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Go Home, Mrs. Beekman! Hardcover – Bargain Price, July 3, 2008
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From School Library Journal
Kindergarten-Grade 2—Emily is heading off for her first day of school, and she insists that her mother stays with her. "Forever!" "I promise….And a promise is a promise. I'll stay at school for a million gazillion years with my Emily right on my lap." Mrs. Beekman is true to her word. Even when her daughter discovers that school is actually a fun place, the woman won't leave. Teacher Sue nicely but firmly insists repeatedly that it's time for all adults to go home, but Mrs. Beekman is not deterred. She resorts to disguising herself as a coatrack and, on subsequent days, as a big purple hat, green dog, yellow bird, and oversize hula hoop. Finally, Emily kindly convinces her mother that she wants to be in school by herself. Careful readers will note that Mrs. Beekman's disguises match items Emily mentions in the book's first pages. The illustrations work perfectly with the text. The characters' facial expressions are spot-on, and Carrington captures the feel of kindergarten, the love between Emily and her mother, and a child's first steps toward independence. This enjoyable if slightly familiar tale would work well for one-on-one sharing or storytime.—Catherine Callegari, Gay-Kimball Library, Troy, NH
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In a hilarious reversal of the starting-school panic, Emily Beekman makes her mother promise to stay with her in her preschool classroom, but when Mrs. Beekman does stay and stay, Emily cannot get rid of the hovering, embarrassing, silly grown-up. The story’s fun is in the details, and the clear, neon-colored comic scenarios show the child reaching out, bonding with her teacher, finding friends, and enjoying the play, whether she is making monster cartoons, learning songs, or climbing the jungle gym. Still, Mommy will not go home: “A promise is a promise,” and her appearances in class are increasingly wild: she dresses up in a big green dog suit, pretends to be a coatrack, and even dangles from a helicopter over the playground. Finally, Emily makes her own promise that she will have a wonderful day, without Mommy. Full of love and nonsense, this picture book nicely captures a young child’s dramatic, first-school-day feelings. Preschool. --Hazel Rochman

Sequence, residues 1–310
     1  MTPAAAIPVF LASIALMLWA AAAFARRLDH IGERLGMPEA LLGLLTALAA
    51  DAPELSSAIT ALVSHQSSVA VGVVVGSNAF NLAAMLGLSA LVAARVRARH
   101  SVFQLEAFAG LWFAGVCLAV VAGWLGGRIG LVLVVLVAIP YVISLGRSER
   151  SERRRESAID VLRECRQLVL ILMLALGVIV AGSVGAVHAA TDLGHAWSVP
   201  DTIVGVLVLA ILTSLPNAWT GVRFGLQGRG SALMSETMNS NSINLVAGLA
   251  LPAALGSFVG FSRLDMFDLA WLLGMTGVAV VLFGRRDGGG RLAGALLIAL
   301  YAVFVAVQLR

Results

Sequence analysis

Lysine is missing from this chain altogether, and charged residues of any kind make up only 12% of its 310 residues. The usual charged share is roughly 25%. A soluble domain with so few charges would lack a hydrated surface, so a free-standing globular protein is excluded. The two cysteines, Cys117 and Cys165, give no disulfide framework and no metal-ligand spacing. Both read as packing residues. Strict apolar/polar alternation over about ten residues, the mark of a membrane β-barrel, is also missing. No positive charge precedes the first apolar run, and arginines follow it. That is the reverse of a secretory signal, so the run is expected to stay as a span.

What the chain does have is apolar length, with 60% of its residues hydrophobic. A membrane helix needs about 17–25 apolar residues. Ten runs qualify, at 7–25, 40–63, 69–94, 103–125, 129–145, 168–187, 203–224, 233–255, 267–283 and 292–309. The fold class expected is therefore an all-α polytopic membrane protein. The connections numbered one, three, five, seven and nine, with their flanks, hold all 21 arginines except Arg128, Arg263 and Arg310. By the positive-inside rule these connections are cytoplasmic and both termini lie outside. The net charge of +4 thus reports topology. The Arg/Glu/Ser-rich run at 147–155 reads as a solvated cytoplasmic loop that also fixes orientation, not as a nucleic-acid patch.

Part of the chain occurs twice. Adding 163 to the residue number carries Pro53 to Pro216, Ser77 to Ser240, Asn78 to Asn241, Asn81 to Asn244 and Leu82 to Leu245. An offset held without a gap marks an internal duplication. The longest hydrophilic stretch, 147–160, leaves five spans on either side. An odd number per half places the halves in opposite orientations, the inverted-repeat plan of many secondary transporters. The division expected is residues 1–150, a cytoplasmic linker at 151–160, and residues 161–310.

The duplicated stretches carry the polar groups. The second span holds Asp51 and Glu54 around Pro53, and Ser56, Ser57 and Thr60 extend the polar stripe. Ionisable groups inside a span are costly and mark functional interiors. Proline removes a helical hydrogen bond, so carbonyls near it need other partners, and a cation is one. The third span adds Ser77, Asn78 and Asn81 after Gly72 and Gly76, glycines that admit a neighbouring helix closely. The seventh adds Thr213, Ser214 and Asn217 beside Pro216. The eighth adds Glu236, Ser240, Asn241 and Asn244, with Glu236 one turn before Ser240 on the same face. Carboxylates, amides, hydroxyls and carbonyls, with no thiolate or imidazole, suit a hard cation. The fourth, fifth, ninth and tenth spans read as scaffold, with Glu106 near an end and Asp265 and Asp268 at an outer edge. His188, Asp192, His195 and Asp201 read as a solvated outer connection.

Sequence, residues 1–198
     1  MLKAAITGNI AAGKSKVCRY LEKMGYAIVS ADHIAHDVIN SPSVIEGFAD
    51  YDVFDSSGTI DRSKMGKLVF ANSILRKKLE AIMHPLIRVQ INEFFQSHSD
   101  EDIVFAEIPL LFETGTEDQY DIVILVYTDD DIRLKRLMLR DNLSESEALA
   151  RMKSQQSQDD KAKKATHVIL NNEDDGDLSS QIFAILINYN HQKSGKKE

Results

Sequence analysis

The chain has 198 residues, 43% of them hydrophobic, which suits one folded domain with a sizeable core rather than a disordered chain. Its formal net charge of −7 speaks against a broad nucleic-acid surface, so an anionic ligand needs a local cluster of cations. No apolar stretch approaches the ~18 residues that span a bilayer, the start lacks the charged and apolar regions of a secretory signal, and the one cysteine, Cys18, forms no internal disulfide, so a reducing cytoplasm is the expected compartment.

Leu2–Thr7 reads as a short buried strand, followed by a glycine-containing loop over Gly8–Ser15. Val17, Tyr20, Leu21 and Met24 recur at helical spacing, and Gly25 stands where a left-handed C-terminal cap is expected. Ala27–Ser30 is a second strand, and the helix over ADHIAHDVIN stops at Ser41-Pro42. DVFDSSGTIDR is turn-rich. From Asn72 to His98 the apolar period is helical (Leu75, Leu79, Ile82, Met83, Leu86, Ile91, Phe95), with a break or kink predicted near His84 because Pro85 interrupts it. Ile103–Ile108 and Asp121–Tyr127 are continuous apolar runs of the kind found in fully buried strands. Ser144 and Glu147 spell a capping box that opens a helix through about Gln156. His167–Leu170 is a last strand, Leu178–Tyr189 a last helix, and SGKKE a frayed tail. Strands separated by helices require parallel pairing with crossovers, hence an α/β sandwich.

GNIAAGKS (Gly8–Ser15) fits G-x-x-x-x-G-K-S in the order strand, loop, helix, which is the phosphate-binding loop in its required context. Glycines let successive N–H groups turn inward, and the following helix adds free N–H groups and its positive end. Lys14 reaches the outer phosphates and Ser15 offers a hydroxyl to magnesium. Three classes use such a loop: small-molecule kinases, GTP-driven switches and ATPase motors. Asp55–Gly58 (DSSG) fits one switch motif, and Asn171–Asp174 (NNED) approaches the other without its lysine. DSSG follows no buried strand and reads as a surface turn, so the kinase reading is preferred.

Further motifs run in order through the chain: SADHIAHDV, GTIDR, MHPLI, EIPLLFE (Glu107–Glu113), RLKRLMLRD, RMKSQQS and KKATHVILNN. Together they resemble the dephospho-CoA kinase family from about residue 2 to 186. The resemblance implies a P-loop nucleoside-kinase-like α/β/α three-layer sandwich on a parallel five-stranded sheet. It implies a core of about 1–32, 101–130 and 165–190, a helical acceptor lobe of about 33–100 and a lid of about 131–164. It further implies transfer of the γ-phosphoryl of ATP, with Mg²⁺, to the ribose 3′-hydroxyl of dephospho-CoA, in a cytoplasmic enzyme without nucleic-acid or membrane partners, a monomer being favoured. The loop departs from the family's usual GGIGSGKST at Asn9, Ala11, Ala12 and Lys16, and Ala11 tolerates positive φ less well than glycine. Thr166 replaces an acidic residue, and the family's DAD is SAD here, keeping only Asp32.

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Top Customer Reviews
Mrs.Beekman promised not to leave her daughter alone in her new school and a promise is a promise, so for the rest of the book the teacher is trying to get Mrs.Beeman to stay home.
It's a cute book, three year old Averys favorite and a favorite of mine too!
Go Home, Mrs.Beekman!!!
I immediately made a connection with the mother in the story. Unlike the child in the story my son was soooooo excited about the first day of school. Me on the other hand, I wasn't quite sure if I wanted to let him go to this unusual place all by himself. I connected with Mrs. Beekman's need to watch over her child. She became a fly on the wall at her daughters's school by transforming herself into a coat rack, a hat, a hula hoop, and some other interesting things. As we read, I could relate. Those first few days of school had me wondering how my son was doing, if he was listening to the teacher, if he was having fun, and if he missed me. Much to the dismay of the teacher in the story, Mrs. Beekman saw it all in her daughters class! That lucky Mrs. Beekman!!!!
The book is adorable. The story entertained both me and my son. I think this would be a great gift to give to a parent who has a child going into grade K. Not many (if any) back to school books display how a parent may have a more difficult time letting go of a child; than the child has of letting go of the parent. Ann Stampler does a super job of making this story flow. My son of course thought the story was funny and I thought the story had a hidden truth in it about how parents have anxiety too about the first day of school.
I also think this would make a fun read for the first few days of school. It would be fun to have the class draw a picture of their parents at school with them. You could discuss: How would your mom or dad hide if he or she came to school? Would you like your mom or dad to be at school with you everyday?
Many parents will also identify with Mrs. Beekman, who through many wonderful disguises, attempts to stay at school with her child all day.
As I drive to work in the morning and see the anxious faces of both parents and kids as the kindergarden bus arrives, I wish I could hand out this book at each bus stop.
As a psychotherapist, I will be recommending this book to my clients who are struggling with "the first day of school".
Nancy Adler-Jones, MSW